• Cancer is a leading cause of death worldwide, accounting for 7.6 million deaths (around 13% of all deaths) in 2008.
  • Lung, stomach, liver, colon and breast cancer cause the most cancer deaths each year.
  • The most frequent types of cancer differ between men and women.
  • About 30% of cancer deaths are due to the five leading behavioral and dietary risks: high body mass index, low fruit and vegetable intake, lack of physical activity, tobacco use, alcohol use.
  • Tobacco use is the most important risk factor for cancer causing 22% of global cancer deaths and 71% of global lung cancer deaths.
  • Cancer causing viral infections such as HBV/HCV and HPV are responsible for up to 20% of cancer deaths in low- and middle-income countries.
  • About 70% of all cancer deaths in 2008 occurred in low- and middle-income countries.
  • Deaths from cancer worldwide are projected to continue rising.
  • More than 30% of cancer deaths could be prevented by modifying or avoiding key risk factors, including:
    • tobacco use
    • being overweight or obese
    • unhealthy diet with low fruit and vegetable intake
    • lack of physical activity
    • alcohol use
    • sexually transmitted HPV-infection
    • urban air pollution
    • indoor smoke from household use of solid fuels.

Causes of Cancer (WHO Fact Sheet 2008)

Cancer arises from one single cell. The transformation from a normal cell into a tumour cell is a multistage process, typically a progression from a pre-cancerous lesion to malignant tumours. These changes are the result of the interaction between a person’s genetic factors and three categories of external agents, including

  • Physical carcinogens: Ultraviolet and ionizing radiation.
  • Chemical carcinogens: Asbestos, components of tobacco smoke, aflatoxin (a food contaminant) and arsenic (a drinking water contaminant).
  • Biological carcinogens:  Infections from certain viruses, bacteria or parasites.

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Penguins DDT Contamination Levels Still High

Posted by feww on May 10, 2008

Just when you thought penguins fared better than polar bears!

Just when you thought the Antarctic marine life had only a few minor problems like the climate change and ozone hole to worry about, but were otherwise safe from other harms like ingesting plastic trash, or growing a “skin” rash from pesticide contamination, it has been revealed that the deadly pesticide DDT, banned in most countries more than 35 years ago, stills show up in penguins in Antarctica.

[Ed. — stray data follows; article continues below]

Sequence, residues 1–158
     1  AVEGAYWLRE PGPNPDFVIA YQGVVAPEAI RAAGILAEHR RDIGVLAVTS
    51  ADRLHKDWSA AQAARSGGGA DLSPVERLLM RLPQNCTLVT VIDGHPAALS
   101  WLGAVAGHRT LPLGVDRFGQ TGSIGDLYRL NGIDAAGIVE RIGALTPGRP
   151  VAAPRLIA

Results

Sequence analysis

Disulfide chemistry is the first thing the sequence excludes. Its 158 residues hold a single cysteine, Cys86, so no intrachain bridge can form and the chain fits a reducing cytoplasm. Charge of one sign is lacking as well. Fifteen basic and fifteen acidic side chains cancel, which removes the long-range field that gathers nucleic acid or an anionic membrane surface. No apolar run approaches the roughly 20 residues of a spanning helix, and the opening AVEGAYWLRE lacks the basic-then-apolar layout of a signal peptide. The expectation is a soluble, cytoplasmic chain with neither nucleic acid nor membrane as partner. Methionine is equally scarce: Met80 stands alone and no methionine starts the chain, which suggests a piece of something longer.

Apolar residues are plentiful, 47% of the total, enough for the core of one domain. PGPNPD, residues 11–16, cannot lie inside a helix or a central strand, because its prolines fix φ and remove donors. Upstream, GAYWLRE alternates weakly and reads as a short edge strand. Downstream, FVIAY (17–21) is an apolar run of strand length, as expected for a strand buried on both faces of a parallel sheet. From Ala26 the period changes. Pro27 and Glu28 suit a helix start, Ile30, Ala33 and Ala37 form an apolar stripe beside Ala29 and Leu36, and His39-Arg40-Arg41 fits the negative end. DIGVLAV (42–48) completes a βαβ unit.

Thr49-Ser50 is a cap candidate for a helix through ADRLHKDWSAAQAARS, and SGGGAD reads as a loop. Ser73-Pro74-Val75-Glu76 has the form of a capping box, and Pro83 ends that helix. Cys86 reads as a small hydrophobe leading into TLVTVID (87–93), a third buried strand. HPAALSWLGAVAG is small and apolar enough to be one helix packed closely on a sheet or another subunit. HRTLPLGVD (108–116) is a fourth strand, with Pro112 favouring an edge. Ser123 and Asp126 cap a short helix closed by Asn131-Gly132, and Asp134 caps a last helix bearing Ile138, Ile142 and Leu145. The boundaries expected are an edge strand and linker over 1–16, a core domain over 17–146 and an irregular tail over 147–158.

A researcher has blamed the DDT contamination on the chemical’s accumulation of the poison in melting glaciers.

“DDT, along with a lot of other of these organic contaminants, actually travel through the atmosphere … toward the polar regions by a process of evaporation and then condensation in cooler climates,” according to Heidi Geisz of the Virginia Institute of Marine Science.

The DDT contamination in the Adelie penguins was first discovered in 1964. The contamination level rose in the 1970s and has stayed stable since then, Geisz said.

Mating Adelie penguins at Cape Adare in Ross Sea, Antarctica January of 2001. This file is licensed under the Creative Commons Attribution ShareAlike license versions 2.5, 2.0, and 1.0 (Credit: Mila Zinkova)

In 1962, Silent Spring by American biologist Rachel Carson was published. The book cataloged the environmental impacts of the indiscriminate spraying of DDT in the US and questioned the logic of releasing large amounts of chemicals into the environment without fully understanding their effects on ecology or human health. The book suggested that DDT and other pesticides may cause cancer and that their agricultural use was a threat to wildlife, particularly birds. Its publication was one of the signature events in the birth of the environmental movement. Silent Spring resulted in a large public outcry that eventually led to most uses of DDT being banned in the US in 1972. DDT was subsequently banned for agricultural use worldwide, but its limited use in disease vector control continues to this day in certain parts of the world and remains controversial. (source)

Is it possible that New Zealand is still using DDT in large quantities?